Delivering drugs to the posterior eye has been a challenge for many years. Systemic delivery of drugs is not a viable option because the eye does not receive enough blood supply, because of its small size, for the drug delivery process to be effective. Topical delivery in the form of eye drops is also ineffective in generating therapeutic concentrations in the posterior eye, because of the resistance offered by the corneal epithelium to the transport of drugs, and rapid elimination due to aqueous humor flow and tear dilution. Intravitreal delivery of drugs through implants and injections has been associated with serious side effects like endophthalmitis, hemorrhage, and retinal detachment. In recent years, transcleral delivery of drugs has received attention due to the relatively high permeability of the sclera.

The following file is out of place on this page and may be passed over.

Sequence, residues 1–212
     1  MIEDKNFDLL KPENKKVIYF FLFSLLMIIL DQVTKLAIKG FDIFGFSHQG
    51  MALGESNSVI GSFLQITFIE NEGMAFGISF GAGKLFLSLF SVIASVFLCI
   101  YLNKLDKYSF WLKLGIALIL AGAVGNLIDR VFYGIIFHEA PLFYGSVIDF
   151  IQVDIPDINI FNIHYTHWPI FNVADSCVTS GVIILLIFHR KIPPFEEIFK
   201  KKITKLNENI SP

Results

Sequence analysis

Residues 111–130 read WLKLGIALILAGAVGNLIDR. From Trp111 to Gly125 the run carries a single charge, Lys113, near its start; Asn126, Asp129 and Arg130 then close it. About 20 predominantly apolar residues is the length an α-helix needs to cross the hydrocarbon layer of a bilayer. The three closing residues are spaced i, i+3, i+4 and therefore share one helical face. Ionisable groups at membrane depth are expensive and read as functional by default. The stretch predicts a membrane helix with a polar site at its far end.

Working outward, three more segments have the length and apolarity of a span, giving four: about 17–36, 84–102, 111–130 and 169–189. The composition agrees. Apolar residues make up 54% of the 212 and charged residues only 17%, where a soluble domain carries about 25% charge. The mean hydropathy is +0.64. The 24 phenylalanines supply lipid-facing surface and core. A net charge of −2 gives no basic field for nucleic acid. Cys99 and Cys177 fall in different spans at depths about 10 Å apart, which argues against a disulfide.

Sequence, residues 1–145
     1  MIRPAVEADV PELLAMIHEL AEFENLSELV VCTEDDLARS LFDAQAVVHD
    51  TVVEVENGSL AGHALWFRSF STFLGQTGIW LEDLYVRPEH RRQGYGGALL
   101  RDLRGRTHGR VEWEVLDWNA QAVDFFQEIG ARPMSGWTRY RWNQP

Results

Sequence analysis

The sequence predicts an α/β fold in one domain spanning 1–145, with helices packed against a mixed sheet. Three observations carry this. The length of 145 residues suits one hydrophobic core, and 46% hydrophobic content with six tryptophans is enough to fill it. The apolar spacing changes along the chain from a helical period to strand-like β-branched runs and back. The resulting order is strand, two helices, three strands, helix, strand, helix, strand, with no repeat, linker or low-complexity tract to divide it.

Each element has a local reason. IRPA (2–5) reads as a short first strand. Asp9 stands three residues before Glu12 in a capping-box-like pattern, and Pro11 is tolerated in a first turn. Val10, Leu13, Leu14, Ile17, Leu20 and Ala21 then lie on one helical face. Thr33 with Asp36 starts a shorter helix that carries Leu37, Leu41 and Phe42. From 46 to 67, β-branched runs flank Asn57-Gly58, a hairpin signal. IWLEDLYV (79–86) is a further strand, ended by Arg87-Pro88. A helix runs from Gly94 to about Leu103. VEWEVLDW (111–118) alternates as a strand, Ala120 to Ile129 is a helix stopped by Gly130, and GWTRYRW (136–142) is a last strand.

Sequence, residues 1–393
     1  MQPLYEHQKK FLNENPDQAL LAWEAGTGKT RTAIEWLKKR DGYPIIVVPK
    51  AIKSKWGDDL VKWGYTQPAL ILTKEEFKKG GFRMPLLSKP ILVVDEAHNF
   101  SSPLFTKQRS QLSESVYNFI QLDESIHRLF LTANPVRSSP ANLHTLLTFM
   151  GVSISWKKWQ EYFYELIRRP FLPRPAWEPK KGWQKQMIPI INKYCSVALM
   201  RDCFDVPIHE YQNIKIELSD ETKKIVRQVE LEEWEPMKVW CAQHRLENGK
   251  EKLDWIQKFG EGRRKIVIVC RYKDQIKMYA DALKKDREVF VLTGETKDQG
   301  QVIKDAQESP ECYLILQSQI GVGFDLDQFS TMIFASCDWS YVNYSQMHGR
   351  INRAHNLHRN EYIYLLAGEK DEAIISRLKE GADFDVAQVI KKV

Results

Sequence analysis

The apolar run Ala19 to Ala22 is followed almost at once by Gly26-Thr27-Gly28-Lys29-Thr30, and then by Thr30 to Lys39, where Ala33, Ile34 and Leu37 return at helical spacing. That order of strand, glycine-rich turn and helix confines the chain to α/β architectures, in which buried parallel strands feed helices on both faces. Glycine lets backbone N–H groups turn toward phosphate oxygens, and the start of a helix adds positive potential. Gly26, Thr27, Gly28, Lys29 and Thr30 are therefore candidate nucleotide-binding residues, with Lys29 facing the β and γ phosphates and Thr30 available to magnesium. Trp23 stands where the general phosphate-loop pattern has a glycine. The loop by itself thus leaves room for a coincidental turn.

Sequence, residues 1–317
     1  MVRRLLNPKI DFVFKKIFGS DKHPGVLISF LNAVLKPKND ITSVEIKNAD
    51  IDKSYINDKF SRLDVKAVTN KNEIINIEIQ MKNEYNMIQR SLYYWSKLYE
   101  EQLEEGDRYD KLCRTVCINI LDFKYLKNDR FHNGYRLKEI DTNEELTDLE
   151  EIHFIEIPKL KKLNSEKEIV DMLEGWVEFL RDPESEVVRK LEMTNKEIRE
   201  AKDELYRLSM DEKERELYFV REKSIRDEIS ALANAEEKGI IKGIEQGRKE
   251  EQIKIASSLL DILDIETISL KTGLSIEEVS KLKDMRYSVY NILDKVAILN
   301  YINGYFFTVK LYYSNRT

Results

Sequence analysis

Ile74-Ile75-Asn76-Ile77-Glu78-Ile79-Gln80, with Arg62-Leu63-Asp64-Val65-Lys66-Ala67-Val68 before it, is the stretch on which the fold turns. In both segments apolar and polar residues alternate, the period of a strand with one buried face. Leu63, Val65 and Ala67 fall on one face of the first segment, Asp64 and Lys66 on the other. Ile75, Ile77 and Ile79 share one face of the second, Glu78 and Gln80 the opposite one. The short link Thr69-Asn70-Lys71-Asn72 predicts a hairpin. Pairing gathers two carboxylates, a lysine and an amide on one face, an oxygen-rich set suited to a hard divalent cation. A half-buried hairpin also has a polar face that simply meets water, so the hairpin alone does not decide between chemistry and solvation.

Effect of Active Transport and Loss to Choroidal Blood Flow on Transscleral Drug Delivery to the Posterior Eye
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Balachandran, RK, & Barocas, VH. "Effect of Active Transport and Loss to Choroidal Blood Flow on Transscleral Drug Delivery to the Posterior Eye." Proceedings of the ASME 2007 Summer Bioengineering Conference. ASME 2007 Summer Bioengineering Conference. Keystone, Colorado, USA. June 20–24, 2007. pp. 99-100. ASME. https://doi.org/10.1115/SBC2007-175366
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